“Right in here. He’s likely still asleep now, but we expect him to wake within a few hours. Please don’t hesitate to call for a nurse if necessary,” he said and both Inko and Izuku nodded before slowly opening the door and coming inside. The door fell closed behind them and although it was actually quiet, Izuku couldn’t help but feel like it closed with an ominous, foreboding sound that reverberated in his very soul.

Chapter Text

When Katsuki woke up, he wasn’t exactly sure where he was at first. What he did know was that it wasn’t his dorm room, which was odd, that he couldn’t move his body easily, which was both weird and concerning, and that he felt short of breath despite lying flat on his back and barely moving at all, which was definitely worrying. Even more intriguing, he wasn’t alone. Deku’s mother, auntie Inko, was by his bedside and Deku himself was pacing nervously, but on surprisingly quiet feet, at the foot of the bed.

They told him he was in the hospital. That he’d been in a car crash and gotten hurt. Which explained a lot of things and made sense, but only made it more odd why they were there instead of someone else. Like his parents, for instance. Because sure, Katsuki would be the first to rage and complain angrily when the old hag and old man started to fuss about him, but that didn’t mean some part of him didn’t acknowledge that it was simply because they cared and didn’t somewhat like knowing that.

He didn’t ask about his parents’ absence at first, though, because there was another confusing part of the story given to him that, in that particular moment, seemed way more important.

“The midterms are coming up. So why the wasn’t I in the dorms, studying like I da… like I should?” he cut off mid-curse and quickly censored himself, glancing at auntie Inko out of the corner of his eye. The plump woman would never reprimand him for his language, she certainly hadn’t before, but she would give him this odd, not-quite-disappointed look and he didn’t really feel like dealing with it right then. The green-haired woman bit her lip and looked away, hands fidgeting nervously in her lap. She didn’t answer him. Deku did, finally ceasing his annoying pacing.

“You were out with your parents, Kacchan,” he said softly, shoulders hunched and pointer fingers idly tapping against each other in front of his chest. His head was bowed a bit, but he met Katsuki’s stare with a look of his own. His expression was oddly blank. “It… don’t you remember? They wanted to go for a weekend outing because it was uncle’s birthday…”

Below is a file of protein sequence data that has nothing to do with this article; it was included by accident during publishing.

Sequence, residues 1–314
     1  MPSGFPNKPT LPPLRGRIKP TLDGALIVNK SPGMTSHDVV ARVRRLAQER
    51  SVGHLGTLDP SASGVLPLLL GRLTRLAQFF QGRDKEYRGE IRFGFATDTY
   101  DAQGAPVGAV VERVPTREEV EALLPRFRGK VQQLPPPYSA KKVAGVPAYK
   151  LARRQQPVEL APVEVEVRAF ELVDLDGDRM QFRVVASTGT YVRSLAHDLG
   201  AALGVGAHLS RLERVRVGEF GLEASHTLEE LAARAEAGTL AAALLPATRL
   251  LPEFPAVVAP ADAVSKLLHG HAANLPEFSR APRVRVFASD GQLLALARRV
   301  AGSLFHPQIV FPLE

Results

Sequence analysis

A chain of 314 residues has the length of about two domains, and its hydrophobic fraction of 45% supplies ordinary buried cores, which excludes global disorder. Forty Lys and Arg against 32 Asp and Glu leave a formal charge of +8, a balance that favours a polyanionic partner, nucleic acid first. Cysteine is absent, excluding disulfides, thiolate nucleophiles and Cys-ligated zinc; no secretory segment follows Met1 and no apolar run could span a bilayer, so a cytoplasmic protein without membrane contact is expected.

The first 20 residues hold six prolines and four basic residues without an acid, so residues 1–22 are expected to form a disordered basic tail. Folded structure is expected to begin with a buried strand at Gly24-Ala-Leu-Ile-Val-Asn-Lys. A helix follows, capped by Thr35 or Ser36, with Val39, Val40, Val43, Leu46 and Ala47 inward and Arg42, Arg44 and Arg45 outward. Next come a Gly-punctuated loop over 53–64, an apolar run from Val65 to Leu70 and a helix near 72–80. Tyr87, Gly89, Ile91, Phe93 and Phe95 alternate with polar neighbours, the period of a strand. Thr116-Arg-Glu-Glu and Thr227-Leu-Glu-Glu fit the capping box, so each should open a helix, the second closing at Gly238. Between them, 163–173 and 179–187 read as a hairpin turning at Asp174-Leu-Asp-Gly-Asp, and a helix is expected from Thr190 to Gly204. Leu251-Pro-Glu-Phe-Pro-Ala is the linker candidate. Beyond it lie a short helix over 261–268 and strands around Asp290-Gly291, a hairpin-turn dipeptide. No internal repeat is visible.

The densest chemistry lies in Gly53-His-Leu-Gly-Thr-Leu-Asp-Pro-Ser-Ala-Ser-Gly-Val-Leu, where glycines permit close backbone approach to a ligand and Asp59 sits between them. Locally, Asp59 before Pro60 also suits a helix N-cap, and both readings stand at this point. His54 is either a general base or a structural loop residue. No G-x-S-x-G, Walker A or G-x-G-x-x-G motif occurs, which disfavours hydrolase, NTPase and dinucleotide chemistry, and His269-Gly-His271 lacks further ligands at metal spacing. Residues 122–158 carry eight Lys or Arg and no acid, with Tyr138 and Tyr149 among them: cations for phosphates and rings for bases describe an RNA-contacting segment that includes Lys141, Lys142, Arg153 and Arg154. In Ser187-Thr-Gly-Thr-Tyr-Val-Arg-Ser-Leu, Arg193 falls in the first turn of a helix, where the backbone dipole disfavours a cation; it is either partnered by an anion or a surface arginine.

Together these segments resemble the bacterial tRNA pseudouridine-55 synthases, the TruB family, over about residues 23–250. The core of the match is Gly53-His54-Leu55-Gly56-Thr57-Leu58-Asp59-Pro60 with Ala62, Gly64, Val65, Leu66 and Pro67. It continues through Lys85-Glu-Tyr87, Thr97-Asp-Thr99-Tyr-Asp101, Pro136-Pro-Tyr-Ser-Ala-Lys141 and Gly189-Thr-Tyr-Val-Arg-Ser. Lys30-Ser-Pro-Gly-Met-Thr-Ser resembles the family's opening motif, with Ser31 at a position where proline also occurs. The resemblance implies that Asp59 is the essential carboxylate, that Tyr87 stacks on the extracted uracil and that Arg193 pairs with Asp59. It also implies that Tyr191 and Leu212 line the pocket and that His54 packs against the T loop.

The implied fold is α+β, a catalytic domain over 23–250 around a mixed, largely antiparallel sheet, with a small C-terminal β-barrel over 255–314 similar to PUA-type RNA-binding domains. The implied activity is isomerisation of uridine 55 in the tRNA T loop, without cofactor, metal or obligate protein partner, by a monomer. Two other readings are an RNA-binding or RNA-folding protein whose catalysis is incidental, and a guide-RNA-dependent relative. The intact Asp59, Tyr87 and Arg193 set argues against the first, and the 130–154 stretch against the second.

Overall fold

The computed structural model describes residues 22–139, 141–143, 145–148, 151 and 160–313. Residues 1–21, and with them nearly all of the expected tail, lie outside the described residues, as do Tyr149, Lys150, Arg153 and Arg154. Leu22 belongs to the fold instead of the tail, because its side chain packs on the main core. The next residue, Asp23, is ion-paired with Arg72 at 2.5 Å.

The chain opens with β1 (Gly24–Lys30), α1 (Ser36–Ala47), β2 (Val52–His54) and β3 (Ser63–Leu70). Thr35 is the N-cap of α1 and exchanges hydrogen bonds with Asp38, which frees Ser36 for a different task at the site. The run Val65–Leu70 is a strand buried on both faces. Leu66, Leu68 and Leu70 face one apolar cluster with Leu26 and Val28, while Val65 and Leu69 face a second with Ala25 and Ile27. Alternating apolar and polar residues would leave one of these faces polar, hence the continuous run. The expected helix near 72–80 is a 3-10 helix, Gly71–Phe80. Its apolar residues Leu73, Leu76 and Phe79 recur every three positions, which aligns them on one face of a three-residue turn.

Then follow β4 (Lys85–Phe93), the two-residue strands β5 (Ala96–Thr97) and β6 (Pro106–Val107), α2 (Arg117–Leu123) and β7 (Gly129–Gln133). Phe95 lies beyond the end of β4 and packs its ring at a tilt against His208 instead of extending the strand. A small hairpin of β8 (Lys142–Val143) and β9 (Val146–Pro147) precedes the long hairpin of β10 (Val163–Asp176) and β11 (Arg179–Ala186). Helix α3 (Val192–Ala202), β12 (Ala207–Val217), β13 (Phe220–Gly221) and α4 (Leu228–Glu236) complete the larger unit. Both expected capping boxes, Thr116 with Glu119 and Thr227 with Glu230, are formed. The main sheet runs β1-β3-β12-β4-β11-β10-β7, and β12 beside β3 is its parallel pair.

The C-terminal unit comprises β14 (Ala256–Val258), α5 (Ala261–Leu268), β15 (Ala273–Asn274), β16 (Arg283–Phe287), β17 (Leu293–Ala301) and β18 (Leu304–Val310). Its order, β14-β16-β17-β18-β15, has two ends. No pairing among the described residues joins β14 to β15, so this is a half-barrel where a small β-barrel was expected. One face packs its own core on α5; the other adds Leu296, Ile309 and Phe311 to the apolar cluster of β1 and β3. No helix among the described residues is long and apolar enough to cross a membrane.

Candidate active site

Katsuki frowned at the news, his gaze falling to his lap. That made sense. He’d seen the calendar, he knew his father’s birthday hadn’t been that long ago. Just a couple of days, in fact, in the middle of the previous week. A birthday gift in the form of a family outing on the nearest weekend made perfect sense, especially since his father was the kind of sentimental idiot who would say he didn’t care what birthday gift he got so long as he got to spend some time with his family. Katsuki knew that was the case because he remembered him saying just that when Katsuki had, for once, called him on the day itself and his mother had barged into the conversation to forcefully make plans for the weekend to celebrate. The blonde had tried to tell them both off. He had midterms coming up, he had to study so he could keep up his good grades, damn it, he didn’t have time to take a break on the weekend! But of course, once his mother made her mind up, there was no fighting against her, so like it or not, Katsuki had been forced to ask for a weekend leave (under threat that his mother would do it for him if he didn’t do it himself) and from there to actually leave the dorms for home once he’d gotten it.

He remembered that part, now that he thought about it. It was the actual weekend, the outing they were supposed to go on and the car crash they’ve apparently gotten into that was a curious blank, parts of the time leading up to it a mere blurr in his mind that he couldn’t really make sense of. But from what little he knew or remembered, he figured that they’d all gotten hurt in the accident, which would of course explain why his parents didn’t visit him. They were probably as bedridden as he was.

He didn’t think much about it in the next couple of days, more focused on himself and his own body than anything else. The headache and occasional dizziness he felt that first day he’d been awake receded soon enough and he wasn’t in much pain thanks to painkillers, but he still tired easily and was often a bit short of breath. It was because one of his ribs punctured a lung, so he was effectively breathing to only half-capacity, the doctors told him, but it was apparently nothing to worry about and would heal on its own just fine. So he didn’t worry about it and, knowing his body would recover, turned his attention to other, more important things. Namely the upcoming midterms, because he still intended to take and ace them, thank you very much. He would definitely be recovered by then, after all. He had to be.